Page:Popular Science Monthly Volume 35.djvu/404

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expend their influence directly upon muscles, they may, neverthetheless, be regarded as a part of the motor machinery, since they act on other centers which are motor; and, by the associated action of these two kinds of centers, the will gradually acquires a real though limited control over the voluntary muscles.

Volition, whatever its origin, involves a state of excitation of the brain and stimulation of body and mind. Opposition only serves to increase its energy (as the load in "the nerve-muscle preparation"[1] augments the force of the contraction), and under excitement intellectual as well as muscular work is more easily done. Emotional excitement, if not of too absorbing a nature, promotes intellectual activity, but the latter is itself accompanied by a peculiar exaltation of feeling which is a source of the keenest psychical satisfaction.

Stimulation, then, either sensory or volitional, is a necessary antecedent of activity—in common parlance, its cause. Prof. Bain advocates the idea that stimulation is the sole cause of pleasure, the nutritive functions by keeping up the vital energy enabling stimulation to be carried to certain lengths before degenerating into pain. If we fall short of the pain limit, we fail of the satisfactions which flow from the conscious expenditure of energy to the full degree of which the organism is capable. If we exceed this limit, we pay the penalty of physical degeneracy and resulting mental decrepitude with the accompanying falling off of activity, and hence of pleasure. Degeneration also follows from disuse—that is, the neglect of stimulation, and consequent inaction.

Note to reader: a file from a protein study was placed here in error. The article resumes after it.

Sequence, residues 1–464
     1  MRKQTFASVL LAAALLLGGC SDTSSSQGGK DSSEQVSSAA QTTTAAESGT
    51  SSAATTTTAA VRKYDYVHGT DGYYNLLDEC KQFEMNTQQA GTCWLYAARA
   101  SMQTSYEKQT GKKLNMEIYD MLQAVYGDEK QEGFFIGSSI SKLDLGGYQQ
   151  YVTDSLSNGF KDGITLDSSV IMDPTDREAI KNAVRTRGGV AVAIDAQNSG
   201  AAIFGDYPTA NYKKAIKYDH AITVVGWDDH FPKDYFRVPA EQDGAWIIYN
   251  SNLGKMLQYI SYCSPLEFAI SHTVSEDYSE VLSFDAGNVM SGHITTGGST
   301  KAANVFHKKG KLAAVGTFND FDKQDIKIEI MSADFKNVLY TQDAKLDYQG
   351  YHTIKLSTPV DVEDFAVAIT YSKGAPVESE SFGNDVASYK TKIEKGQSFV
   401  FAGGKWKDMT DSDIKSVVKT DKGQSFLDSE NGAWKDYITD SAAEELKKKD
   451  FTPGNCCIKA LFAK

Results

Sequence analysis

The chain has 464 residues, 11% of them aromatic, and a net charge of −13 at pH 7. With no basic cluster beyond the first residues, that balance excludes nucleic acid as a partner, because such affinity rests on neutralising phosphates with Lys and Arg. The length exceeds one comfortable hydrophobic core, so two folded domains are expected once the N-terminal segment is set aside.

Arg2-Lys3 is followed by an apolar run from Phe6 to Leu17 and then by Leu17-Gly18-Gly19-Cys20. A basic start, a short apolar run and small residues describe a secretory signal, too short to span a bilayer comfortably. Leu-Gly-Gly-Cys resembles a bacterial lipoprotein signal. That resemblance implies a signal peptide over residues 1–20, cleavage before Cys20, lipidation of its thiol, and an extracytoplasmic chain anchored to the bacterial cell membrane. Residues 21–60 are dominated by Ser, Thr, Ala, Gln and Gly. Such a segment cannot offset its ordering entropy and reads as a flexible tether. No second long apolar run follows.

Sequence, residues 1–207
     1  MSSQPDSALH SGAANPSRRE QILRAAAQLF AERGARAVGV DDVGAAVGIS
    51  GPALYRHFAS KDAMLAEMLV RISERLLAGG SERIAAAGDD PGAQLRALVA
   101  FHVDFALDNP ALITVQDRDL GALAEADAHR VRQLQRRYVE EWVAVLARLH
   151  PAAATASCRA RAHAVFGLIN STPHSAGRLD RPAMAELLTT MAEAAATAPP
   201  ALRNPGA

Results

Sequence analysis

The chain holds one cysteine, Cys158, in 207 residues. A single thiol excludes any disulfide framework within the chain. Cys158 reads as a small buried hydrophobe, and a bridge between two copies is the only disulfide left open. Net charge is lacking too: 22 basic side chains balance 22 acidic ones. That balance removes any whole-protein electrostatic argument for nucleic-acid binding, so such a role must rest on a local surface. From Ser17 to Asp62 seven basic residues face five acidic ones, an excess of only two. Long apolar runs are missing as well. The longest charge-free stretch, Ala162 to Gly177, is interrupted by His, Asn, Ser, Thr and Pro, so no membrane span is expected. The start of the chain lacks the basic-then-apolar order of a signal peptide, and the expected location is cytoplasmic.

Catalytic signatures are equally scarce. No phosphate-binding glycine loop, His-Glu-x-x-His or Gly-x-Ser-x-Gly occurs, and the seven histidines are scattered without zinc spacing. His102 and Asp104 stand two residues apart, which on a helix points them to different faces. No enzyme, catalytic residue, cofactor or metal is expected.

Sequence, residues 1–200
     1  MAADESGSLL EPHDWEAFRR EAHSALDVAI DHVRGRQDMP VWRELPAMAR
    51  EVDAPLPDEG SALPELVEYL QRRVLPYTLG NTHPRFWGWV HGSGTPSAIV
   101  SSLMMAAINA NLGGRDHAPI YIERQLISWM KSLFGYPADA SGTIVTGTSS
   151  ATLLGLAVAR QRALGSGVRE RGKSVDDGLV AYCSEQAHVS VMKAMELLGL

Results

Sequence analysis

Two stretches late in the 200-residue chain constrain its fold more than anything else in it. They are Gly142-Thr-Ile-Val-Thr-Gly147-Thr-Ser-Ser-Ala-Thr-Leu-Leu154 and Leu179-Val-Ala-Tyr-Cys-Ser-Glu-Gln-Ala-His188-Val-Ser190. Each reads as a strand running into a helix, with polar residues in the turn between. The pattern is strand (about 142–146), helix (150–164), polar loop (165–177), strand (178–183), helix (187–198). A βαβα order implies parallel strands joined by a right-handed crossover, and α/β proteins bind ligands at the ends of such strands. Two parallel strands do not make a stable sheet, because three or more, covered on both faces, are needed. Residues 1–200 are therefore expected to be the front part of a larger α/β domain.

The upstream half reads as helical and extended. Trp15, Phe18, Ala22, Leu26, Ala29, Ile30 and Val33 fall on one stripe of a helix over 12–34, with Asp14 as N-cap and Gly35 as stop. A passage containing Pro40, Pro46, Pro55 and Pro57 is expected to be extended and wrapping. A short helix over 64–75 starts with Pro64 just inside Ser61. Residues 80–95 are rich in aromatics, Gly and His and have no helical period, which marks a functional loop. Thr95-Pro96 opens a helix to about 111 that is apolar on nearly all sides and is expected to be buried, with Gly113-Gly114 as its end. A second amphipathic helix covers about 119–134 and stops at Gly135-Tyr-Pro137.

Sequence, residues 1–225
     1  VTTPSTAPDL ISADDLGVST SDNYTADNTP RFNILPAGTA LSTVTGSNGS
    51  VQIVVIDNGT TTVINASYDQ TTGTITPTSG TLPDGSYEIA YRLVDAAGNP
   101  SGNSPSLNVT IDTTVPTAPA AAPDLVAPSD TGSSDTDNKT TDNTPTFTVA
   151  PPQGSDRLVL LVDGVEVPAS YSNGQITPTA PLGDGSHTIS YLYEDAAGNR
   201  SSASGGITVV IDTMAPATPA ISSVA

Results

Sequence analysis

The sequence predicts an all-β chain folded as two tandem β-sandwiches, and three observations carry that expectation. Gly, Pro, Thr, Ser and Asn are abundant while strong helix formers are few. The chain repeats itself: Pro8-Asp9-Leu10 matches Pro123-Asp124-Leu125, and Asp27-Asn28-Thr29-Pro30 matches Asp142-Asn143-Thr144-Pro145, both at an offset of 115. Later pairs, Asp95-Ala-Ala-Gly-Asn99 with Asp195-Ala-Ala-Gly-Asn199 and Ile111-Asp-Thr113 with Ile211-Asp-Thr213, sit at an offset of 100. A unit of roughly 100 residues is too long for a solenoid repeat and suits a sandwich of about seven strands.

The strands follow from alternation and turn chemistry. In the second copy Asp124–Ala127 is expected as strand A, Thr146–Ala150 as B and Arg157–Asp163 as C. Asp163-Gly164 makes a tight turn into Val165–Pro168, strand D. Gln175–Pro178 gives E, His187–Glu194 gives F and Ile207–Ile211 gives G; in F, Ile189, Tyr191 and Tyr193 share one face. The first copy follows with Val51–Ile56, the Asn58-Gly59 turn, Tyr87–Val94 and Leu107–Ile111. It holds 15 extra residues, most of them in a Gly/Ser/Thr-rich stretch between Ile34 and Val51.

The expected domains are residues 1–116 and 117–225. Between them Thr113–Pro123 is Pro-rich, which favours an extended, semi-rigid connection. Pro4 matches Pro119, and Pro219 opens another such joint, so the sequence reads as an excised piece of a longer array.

Sir William Hamilton, following Aristotle, defines pleasure as "the reflex of the spontaneous and unimpeded exertion of power of whose energy we are conscious." But exercise of power occurs as a result of stimulation. The larger statement of Prof. Bain, therefore, includes that of Hamilton; and, since the spontaneous exertion of power with the accompanying state of consciousness depends on excitation of motor centers, both these statements are involved in my sixth thesis, viz., that movements are the primary source of pleasure and pain which, in the experience school of psychology, are recognized as the basis of the entire mental life.

Mr. James Ward[2] regards the reflex movements immediately expressive of pleasure and pain as primordial, the voluntary movements being elaborated out of these. But movements occur presumably below the plane of consciousness—e. g., in vegetable protoplasm. We may therefore conclude that, in the developing animal series, the lowest members of which are indistinguishable

  1. The calf-muscle, with its nerves, taken from the leg of a frog. Within certain limits, the heavier the weight attached to the muscle the more powerfully it contracts when the nerve is stimulated.
  2. Loc. cit.